Too often investment advisers have compliance programs that are narrowly focused on requirements triggered by registration, whether at the SEC or CFTC, and are reactive not proactive.
The purpose of the compliance program is to keep you out of trouble. To achieve that end, it needs to look ahead to the problems that might occur not just those that have occurred in the past. It also needs to be comprehensive with respect to what these problems might be.
The SEC and FINRA, among other regulators, are pushing the industry in this direction. They are looking for risk ranked programs; they are looking for a new activity process. In a recent speech, Carlo di Florio, FINRA’s Chief Risk Officer and Head of Strategy (and formerly the director of the SEC’s Office of Compliance Inspections and Examinations) encouraged firms to establish “new product review processes that include perspectives independent from the business proposing products.”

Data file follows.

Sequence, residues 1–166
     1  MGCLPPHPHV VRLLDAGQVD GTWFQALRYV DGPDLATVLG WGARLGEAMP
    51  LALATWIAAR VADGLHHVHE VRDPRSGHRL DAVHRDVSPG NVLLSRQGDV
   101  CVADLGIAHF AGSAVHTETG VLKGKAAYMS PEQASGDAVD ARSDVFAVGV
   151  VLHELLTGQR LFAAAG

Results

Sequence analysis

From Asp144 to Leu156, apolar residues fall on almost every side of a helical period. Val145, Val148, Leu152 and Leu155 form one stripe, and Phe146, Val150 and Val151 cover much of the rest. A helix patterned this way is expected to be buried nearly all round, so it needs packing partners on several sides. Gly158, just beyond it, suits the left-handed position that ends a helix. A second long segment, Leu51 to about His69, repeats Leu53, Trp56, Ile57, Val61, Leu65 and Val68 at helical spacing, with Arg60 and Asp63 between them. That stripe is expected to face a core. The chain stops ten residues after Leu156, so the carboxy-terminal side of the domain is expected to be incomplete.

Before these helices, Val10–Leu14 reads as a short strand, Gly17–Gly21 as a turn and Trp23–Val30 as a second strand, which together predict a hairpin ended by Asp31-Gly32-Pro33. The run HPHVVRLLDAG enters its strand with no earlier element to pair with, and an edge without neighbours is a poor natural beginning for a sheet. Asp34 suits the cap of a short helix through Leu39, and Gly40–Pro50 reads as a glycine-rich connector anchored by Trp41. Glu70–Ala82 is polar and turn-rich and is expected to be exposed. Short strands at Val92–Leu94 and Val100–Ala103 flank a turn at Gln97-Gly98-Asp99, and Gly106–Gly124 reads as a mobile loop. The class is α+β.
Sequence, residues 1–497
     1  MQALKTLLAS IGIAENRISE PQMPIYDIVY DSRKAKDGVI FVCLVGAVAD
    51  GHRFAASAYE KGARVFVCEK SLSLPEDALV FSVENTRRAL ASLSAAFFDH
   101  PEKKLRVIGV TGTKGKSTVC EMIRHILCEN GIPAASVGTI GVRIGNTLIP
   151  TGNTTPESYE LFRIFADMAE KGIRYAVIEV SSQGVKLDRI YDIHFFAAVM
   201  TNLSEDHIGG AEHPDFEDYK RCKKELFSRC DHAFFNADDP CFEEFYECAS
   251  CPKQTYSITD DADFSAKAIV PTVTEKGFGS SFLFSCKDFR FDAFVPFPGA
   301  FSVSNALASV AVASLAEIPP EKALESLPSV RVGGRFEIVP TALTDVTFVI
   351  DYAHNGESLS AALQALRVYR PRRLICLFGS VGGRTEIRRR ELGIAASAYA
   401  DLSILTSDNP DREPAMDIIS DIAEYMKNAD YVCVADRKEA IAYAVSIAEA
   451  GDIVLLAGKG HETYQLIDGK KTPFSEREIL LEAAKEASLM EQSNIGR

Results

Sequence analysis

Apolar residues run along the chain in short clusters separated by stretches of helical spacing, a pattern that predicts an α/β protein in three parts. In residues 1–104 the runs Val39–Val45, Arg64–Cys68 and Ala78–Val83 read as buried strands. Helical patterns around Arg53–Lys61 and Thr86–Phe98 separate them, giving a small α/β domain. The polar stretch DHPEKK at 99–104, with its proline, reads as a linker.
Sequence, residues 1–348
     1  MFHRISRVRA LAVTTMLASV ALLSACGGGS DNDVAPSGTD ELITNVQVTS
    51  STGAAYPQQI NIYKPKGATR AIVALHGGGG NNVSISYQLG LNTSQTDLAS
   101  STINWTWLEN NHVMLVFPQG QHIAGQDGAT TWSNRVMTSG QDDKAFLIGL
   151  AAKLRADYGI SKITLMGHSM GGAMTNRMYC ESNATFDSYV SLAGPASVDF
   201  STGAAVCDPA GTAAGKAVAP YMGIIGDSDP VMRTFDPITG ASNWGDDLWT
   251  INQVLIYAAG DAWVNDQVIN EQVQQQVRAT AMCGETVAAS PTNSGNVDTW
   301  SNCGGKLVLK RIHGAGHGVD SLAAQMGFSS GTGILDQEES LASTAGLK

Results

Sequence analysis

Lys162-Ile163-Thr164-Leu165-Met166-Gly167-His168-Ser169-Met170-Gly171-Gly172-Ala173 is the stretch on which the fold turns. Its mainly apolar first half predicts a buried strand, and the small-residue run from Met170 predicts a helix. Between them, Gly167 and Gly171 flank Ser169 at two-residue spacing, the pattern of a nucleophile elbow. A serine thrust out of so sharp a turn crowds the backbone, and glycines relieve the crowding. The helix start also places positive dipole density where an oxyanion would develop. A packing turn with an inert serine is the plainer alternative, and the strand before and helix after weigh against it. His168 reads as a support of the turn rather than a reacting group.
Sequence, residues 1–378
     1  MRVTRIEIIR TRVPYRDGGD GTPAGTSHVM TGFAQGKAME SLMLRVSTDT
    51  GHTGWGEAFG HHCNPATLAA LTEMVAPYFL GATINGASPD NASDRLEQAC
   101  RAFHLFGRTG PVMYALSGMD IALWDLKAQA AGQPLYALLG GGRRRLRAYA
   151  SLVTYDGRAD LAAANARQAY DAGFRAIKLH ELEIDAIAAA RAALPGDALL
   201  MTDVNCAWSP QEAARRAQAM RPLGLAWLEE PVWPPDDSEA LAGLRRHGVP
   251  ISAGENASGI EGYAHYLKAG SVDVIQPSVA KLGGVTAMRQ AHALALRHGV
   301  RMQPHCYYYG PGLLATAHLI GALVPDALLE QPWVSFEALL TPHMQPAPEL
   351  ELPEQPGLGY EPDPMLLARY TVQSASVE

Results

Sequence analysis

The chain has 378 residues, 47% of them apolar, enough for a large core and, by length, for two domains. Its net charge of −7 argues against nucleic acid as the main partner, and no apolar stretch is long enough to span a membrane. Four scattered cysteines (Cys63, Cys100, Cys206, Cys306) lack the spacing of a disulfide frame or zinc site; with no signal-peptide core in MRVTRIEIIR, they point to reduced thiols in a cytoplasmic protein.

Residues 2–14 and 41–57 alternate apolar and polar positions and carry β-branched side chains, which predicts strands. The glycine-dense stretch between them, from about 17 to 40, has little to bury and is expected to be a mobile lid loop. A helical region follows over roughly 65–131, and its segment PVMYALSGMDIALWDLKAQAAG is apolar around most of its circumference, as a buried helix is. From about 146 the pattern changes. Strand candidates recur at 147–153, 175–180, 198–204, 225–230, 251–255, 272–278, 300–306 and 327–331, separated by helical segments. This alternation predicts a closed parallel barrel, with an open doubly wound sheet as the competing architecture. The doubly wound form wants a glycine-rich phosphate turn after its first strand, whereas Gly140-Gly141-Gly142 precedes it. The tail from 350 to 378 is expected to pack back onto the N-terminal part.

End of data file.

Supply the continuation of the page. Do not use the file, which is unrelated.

There's nothing surprising in these requirements. They are basically applying the standards that have long been in place for all corporate compliance programs and which are designed to protect the firm and its staff from enforcement proceedings.
At a time when enforcement proceedings are increasingly likely, it is imperative that advisers bring their programs up to the next stage of maturity.
This means a thoughtful, proactive look at all laws that apply to the organization and a considered review of conflicts and changes in the environment. The point here is to stay clear of a problem area. It is better to prepare to avoid an enforcement proceeding then to prepare to defend one.